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You can’t have it both ways

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By Jim Thompson
HCP columnist

All fashionable items, by their very definition, eventually go out of fashion. I think we may be seeing this come to pass now in some areas.

This column will build on what I said last week in, “Is this a tipping point?” Since that column, we have been blessed with shrill speeches at the World Economic Forum by John Kerry and Al Gore, where they called for taxing us to death to pay for the perceived climate change needs (Kerry) followed by phrases like “boiling oceans” and “rain bombs” by Gore.

It has been raining a lot in California and the snow pack in the Sierra Nevada Mountains is approaching record levels. Unfortunately, much of this is just flowing out to the sea because environmental groups have spent years opposing the construction of new reservoirs and canals.

You can’t have it both ways, folks.

Over 100 years ago, the country went through a major sea change that was suddenly fashionable and quickly became unfashionable. Some attribute that movement to Hillsboro, Ohio and Eliza Jane Thompson (no relative). That movement was prohibition which, prior to its implementation, seemed like a good idea; but about a week after its implementation, it seemed like oh-so-bad of an idea.

Then it took a dozen years to get rid of it, with remnants of it still lingering in some corners. Chicago hasn’t recovered yet.

It just may be that climate change, woke and transgenderism will suffer the same fate as prohibition. They all seem to be getting “long in the tooth” with the noise from the naysayers in each of these camps becoming louder and bolder.

Konstantin Kisin at the Oxford Union Society gave a speech a couple of weeks ago that has “gone viral” making several cogent arguments about some of these issues, and it is ringing bells around the world ( He seems to have summarized the current state of the exit from the fashionableness of these topics.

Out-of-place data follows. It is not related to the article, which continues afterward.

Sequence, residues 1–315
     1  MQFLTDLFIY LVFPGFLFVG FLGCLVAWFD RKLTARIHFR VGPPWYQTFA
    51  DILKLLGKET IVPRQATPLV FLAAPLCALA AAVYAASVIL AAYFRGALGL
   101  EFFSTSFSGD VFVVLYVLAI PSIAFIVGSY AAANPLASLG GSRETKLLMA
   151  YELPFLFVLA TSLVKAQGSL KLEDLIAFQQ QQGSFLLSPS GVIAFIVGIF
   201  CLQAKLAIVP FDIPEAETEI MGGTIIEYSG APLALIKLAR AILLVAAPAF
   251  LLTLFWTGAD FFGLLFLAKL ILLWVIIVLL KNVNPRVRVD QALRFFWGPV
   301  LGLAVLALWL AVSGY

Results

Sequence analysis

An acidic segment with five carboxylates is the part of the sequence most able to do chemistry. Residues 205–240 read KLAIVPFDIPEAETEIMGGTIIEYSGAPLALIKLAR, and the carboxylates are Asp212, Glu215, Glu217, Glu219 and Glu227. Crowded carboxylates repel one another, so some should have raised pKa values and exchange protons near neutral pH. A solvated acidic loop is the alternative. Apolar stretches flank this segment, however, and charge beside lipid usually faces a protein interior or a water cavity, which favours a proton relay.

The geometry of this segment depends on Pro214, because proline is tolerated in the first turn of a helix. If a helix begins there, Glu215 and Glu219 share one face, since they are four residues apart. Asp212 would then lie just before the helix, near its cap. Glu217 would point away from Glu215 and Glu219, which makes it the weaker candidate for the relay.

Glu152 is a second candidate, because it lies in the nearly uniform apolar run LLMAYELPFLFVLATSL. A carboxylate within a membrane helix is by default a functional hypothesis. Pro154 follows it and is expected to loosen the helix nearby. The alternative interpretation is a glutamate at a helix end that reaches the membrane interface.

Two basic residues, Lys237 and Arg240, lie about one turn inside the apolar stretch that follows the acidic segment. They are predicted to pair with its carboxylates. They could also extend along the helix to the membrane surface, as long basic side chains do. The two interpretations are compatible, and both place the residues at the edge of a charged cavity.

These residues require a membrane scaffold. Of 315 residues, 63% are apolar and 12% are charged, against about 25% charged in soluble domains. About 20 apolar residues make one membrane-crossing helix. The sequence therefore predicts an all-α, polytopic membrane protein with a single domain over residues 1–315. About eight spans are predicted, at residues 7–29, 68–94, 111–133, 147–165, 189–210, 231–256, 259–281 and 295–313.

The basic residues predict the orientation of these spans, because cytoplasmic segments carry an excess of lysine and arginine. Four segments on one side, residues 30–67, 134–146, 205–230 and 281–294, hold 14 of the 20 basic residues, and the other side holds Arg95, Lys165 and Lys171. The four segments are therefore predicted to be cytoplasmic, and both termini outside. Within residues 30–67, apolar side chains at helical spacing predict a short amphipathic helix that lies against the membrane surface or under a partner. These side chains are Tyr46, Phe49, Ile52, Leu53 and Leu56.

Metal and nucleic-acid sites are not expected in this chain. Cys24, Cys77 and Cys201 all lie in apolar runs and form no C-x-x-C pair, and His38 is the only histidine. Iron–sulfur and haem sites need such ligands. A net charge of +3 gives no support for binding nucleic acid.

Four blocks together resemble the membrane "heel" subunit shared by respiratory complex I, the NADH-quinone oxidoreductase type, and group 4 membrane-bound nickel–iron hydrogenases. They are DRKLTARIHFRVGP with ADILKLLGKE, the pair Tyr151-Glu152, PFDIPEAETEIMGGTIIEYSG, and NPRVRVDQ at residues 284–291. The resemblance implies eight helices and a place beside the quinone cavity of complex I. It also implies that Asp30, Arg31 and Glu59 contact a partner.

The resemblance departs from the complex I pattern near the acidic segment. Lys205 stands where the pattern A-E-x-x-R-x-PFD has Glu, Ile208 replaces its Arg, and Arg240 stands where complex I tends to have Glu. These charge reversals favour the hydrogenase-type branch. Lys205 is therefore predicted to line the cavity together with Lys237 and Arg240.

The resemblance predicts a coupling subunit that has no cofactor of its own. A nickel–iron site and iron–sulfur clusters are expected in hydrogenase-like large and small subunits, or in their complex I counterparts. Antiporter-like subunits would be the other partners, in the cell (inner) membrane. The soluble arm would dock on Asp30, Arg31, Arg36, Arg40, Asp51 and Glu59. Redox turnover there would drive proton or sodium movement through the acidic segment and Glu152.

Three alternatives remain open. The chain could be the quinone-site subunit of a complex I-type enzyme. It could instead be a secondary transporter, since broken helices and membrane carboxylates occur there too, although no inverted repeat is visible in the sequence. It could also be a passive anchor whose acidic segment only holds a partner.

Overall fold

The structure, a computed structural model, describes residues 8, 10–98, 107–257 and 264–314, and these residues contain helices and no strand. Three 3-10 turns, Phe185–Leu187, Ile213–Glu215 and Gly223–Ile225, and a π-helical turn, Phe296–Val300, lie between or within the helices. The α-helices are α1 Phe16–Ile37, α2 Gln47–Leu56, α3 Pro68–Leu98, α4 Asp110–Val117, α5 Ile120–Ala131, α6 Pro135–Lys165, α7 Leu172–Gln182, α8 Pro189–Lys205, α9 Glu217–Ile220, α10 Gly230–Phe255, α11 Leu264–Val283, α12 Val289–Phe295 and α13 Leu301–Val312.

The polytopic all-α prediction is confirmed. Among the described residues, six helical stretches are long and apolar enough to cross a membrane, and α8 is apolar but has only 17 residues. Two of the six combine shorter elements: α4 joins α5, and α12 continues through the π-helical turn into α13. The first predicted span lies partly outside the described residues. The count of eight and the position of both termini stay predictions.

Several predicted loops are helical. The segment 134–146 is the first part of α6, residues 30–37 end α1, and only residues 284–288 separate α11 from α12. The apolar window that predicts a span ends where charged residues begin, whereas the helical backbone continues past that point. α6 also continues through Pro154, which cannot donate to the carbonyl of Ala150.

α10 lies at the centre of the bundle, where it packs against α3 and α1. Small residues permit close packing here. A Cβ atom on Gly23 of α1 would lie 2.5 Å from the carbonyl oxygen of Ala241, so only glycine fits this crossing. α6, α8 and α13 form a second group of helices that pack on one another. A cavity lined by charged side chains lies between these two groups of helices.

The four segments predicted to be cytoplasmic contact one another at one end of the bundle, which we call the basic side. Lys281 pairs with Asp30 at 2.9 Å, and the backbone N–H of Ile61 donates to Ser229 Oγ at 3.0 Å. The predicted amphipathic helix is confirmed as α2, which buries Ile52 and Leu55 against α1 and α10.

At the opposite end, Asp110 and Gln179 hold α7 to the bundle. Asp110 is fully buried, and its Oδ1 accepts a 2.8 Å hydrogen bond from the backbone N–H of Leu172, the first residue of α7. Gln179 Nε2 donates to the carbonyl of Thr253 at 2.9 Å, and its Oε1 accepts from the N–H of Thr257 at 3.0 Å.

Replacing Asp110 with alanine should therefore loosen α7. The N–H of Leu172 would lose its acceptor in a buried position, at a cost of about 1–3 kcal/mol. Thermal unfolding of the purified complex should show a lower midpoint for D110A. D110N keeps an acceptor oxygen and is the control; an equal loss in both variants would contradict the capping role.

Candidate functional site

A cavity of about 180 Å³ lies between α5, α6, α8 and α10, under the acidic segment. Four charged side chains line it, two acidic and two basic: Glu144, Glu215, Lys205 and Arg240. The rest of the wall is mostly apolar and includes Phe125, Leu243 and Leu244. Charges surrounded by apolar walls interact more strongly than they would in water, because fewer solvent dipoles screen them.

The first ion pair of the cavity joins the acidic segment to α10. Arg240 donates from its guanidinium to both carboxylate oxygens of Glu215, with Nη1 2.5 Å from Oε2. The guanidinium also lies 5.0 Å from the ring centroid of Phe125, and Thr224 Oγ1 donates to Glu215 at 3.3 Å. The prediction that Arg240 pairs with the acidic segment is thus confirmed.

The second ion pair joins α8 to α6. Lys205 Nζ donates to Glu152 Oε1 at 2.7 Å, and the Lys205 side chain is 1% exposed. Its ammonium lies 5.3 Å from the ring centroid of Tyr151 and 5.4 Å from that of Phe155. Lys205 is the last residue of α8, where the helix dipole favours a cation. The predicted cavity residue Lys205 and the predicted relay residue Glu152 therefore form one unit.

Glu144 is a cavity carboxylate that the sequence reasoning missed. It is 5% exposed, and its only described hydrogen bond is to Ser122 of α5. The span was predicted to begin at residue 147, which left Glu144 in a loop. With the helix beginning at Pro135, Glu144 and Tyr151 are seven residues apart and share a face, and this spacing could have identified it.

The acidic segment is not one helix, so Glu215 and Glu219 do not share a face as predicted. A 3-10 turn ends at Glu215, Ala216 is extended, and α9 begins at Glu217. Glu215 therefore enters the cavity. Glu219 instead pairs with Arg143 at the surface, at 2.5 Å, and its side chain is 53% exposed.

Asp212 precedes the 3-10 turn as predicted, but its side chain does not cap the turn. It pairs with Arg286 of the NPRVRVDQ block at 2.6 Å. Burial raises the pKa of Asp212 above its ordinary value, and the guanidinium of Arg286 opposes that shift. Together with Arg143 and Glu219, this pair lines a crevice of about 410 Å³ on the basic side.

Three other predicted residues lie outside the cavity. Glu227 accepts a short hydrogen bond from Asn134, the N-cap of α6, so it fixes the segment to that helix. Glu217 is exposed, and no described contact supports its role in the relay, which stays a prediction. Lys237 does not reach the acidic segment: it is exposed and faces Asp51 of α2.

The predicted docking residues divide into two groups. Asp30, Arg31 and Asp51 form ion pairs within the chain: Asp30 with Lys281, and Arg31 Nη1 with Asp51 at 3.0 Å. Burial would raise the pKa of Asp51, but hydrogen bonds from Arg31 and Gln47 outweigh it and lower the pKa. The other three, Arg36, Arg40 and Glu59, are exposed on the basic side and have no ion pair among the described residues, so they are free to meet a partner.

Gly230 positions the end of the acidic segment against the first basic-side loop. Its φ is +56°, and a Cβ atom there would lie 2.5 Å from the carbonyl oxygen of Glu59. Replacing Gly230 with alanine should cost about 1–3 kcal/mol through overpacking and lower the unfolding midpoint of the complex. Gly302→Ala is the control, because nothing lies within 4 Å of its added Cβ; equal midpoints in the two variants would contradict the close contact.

But let us further examine my topic this week. There is one overarching theme that all these Individual items touch.

That theme is this: to one degree or another, all of these topics contain a large dose of human feelings. Yes, prohibition can be somewhat tied to inebriation statistics, climate change drags along some science with it but the last two are 99-percent human feelings.

What happens to human feelings over time? They change, they go in fashion and out of fashion. They are not constant, for we humans get bored over time and want new topics on our daily agenda. Look at the lexicon. Look at the words that come in fashion and go out of fashion.

Concepts are no different than words and these topics are approaching the staleness of “sock it to me.”

I was in Hillsboro last week. I exited Friday afternoon via U.S. 62 south. As one leaves Highland County and enters Brown County, there, on either side of the road, stands the (hope?) (remnants?) of the great solar panel initiative.

Nearly as far as the eye can see, there is the bracketry, cabling and junction boxes of the great solar farms. The only things they are lacking are the solar panels themselves. Like Eliza Jane Thompson was the precursor of prohibition, will these empty skeletons be the precursor of the fate of solar? Time will tell.

In a tortured way, these skeletons remind me of the old movie, “Support Your Local Sheriff” (starring James Garner) who is told, after he takes the job of sheriff, that “We have a jim-dandy new jail. It is only lacking one thing – bars for the cells.”

The solar farms look interesting. They are only lacking one thing – solar panels.

Jim Thompson, formerly of Marshall, is a graduate of Hillsboro High School and the University of Cincinnati. He resides in Duluth, Ga. and is a columnist for The Highland County Press. He may be reached at

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